The journey of crypto has come a long way in India. What started off as a cautionary notice issued against trading in virtual currencies by the Reserve Bank of India (RBI) in 2013 was followed by a circular vide notification in 2018 for banning crypto trade in India and not allowing any banks facilitate virtual currencies. It was subsequently followed by the quashing of the RBI’s circular for banning crypto trade by the Honourable Supreme Court of India in 2020. The Honourable Supreme Court ruled that it is illegal for banks to stop dealing in crypto or not provide services.
In the winter session of the Parliament way back in November 2021, the government planned on introducing “the crypto and regulation of the official digital currency bill”. Recently, in the February 2022 Finance Bill, there were some key announcements which were made regarding cryptos.
Firstly, the government of India has plans to introduce a digital currency of its own using proprietary blockchain network technology. Secondly, key announcements were made to direct taxation on crypto investments, such as for example 30% income tax plus cess and surcharges on the gains made on crypto investments. It was further stipulated that while paying 30% income tax, no loss can be offset against the crypto coin. So, for example, if you have a profit of INR 1 lakh and you have a loss of INR 1 lakh, you will still have to cough up INR 30,000 on your total profit.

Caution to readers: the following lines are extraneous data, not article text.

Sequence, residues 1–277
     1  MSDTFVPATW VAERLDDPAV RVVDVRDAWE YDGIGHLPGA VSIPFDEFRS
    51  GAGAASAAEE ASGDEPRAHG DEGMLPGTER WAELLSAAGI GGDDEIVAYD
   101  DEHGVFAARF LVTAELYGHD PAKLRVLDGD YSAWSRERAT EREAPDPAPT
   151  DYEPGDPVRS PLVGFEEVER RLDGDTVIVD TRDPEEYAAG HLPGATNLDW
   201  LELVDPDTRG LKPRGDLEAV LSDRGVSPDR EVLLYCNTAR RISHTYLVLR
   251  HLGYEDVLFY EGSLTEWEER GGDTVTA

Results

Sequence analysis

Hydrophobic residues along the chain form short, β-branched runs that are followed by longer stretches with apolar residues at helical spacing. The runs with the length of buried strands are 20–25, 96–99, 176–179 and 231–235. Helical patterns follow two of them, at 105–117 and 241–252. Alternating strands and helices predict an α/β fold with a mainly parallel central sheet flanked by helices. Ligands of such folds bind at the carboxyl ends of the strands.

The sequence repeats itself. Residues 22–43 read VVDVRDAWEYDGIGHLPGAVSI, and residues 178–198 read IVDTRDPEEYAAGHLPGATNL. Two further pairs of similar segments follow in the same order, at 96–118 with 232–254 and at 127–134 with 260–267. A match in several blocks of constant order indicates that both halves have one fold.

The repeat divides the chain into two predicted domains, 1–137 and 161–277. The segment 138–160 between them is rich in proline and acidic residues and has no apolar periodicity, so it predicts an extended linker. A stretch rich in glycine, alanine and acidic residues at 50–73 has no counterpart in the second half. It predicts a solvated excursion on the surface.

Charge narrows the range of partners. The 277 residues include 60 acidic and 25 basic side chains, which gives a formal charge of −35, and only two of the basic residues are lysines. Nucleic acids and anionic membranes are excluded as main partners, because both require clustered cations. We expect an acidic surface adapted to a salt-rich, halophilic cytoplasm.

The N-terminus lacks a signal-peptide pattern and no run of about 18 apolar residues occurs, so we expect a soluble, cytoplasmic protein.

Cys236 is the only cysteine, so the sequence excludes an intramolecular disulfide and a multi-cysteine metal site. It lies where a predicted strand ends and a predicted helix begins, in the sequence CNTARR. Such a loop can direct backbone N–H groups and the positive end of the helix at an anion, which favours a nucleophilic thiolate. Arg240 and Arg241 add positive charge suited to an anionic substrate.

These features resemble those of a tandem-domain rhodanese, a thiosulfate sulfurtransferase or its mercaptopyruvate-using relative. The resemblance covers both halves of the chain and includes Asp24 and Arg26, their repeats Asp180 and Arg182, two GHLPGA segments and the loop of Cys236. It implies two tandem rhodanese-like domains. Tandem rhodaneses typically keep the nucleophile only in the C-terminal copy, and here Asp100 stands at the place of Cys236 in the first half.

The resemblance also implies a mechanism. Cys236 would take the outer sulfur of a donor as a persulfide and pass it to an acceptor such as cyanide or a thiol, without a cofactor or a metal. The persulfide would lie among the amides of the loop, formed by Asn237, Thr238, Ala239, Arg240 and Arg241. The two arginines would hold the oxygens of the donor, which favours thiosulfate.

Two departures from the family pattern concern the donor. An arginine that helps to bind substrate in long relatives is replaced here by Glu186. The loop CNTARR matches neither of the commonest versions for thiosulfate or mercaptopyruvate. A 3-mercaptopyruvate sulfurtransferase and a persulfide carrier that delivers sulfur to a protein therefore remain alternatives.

In addition to direct taxation, there is also a component of Tax Deducted at Source (TDS), which was supposed to be charged to the tune of 1% on any transfer of crypto investments. In the budget of 2022–23, 1% TDS was also proposed on payments for cryptos that are in excess of INR 10,000 in a year. TDS was supposed to be charged at a limit of INR 50,000 for individuals/HUF whose accounts need to be audited under the IT act. Finally, unlike tax-exempt gifts that are received in other asset classes, gifts given via crypto coins are liable to be taxed at the recipient’s end.
These were the direct tax implementations on crypto investment; let us now discuss indirect taxes such as the GST on crypto.